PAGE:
A victim of a massive June 4 stroke, Pine Bluff's Thurman Shaw fought on finally succumbing early Friday morning.

FAYETTEVILLE- Arkansas football fans dating back to 1979-81 may remember Pine Bluff’s Thurman Shaw lettering as a backup offensive guard for Lou Holtz’s Razorbacks.

Elkins fans may remember Thurman Shaw as their high school’s head football coach until Shaw returned to Pine Bluff assisting at Watson Chapel while tending to his ailing mother since deceased.

Marty Edmiston “absolutely” remembers Thurman Shaw as a “life-changing” force when Edmiston was a student at Prairie Grove and Shaw, after 15 years working for Hiland Dairy in Fayetteville, got into coaching.

A victim of a massive June 4 stroke, Shaw fought on finally succumbing early Friday morning.

Edmiston asserted Friday he “absolutely” chose his career path of teaching math and coaching football at Springdale’s Southwest Junior High because of Thurman Shaw.

“He was my offensive line coach,” Edmiston said. “He was the first coach I ever had that made it more than just Xs and Os. Really took the time to make sure I was doing OK in the classroom and doing OK at home and really kept me out trouble and steered me in the right direction. Just a fantastic guy. I just loved him so much.”

As its first black coach, Shaw impacted then all white Prairie Grove in general, Edmiston said.

Obviously he impacted Edmiston in particular.

“Thurman was the first black person I had ever been around in my life,” Edmiston said. “And so that was a big influence on me. It really changed my outlook on people. That was a life-changing thing for me for sure. Really opened my eyes to other people.”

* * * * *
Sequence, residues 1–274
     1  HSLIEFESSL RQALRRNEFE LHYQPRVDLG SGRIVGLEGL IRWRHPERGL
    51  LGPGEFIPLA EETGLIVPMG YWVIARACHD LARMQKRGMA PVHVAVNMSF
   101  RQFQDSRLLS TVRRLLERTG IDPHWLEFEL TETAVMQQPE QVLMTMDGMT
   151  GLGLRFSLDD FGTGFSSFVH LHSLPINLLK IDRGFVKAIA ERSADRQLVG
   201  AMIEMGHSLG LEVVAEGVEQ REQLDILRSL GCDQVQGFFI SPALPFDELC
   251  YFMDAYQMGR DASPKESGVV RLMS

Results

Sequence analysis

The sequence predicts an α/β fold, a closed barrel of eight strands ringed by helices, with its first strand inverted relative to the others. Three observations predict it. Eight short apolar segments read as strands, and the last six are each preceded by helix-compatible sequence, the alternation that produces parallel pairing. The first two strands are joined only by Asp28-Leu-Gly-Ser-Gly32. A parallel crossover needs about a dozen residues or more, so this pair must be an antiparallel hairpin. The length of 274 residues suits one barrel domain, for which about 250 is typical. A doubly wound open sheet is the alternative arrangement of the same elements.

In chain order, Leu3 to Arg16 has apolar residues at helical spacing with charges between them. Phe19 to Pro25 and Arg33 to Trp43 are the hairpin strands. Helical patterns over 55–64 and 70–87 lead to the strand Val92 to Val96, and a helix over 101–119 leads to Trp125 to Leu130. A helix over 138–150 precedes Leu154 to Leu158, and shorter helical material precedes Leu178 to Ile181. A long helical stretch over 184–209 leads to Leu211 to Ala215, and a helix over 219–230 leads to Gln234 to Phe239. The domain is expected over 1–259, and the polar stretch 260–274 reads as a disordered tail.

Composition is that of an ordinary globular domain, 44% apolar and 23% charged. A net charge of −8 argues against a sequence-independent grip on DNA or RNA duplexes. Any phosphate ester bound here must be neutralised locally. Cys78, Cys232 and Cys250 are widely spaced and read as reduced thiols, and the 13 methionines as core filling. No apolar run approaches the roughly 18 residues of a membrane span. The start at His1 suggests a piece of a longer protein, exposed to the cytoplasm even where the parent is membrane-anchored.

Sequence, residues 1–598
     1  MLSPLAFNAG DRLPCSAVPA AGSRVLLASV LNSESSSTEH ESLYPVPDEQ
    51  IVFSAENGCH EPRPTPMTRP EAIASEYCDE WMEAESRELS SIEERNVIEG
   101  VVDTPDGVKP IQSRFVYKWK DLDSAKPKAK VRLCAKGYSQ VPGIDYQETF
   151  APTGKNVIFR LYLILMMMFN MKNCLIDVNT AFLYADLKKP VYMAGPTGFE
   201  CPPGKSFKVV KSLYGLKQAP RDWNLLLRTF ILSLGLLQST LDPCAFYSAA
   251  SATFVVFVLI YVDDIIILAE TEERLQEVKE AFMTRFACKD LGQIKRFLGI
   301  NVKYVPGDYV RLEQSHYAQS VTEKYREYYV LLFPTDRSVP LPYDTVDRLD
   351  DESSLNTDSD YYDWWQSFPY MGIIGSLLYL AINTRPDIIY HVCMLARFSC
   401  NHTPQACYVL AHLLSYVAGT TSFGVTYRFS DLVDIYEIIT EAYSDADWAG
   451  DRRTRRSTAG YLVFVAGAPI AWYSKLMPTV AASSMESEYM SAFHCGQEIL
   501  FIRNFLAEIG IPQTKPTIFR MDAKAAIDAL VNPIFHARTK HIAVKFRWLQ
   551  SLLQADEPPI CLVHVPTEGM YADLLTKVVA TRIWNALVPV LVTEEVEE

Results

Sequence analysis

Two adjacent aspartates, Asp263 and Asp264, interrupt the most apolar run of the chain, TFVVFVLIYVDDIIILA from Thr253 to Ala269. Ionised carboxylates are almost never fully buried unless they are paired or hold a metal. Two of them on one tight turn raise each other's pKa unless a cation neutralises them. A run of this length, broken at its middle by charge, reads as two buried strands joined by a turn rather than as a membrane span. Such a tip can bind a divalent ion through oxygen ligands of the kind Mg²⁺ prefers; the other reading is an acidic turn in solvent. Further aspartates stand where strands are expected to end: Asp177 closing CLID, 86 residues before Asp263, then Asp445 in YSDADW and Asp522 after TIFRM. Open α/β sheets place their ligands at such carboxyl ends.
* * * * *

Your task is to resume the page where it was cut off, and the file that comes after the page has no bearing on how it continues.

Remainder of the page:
Old Razorbacks teammates Mike Burlingame, a Razorbacks center and retired Springdale teacher, Steve Cox, the longtime NFL kicker now on the UA Board of Trustees and former Razorbacks tackle Ronnie Trusty all recalled Shaw like Burlingame did when contacting this writer a month ago about Shaw’s plight.

“One of the best people there is,” Burlingame said,

Cox and Trusty recalled Shaw’s “infectious” smile and that whether in practice or in games Shaw never gave less “than all he had,”

Given he was a backup, all Thurman had while still good wasn’t up to the great Arkansas guards he played behind like George Stewart and Steve Korte.

But as a human being, then Razorbacks assistant coach Harold Horton said he never recruited better and then Arkansas offensive line coach Larry Beightol said he never coached better.

“He was a lot better person than he was a player and that’s the way you want people to remember you anyway,” Beightol said. “We’ll miss him for all time.”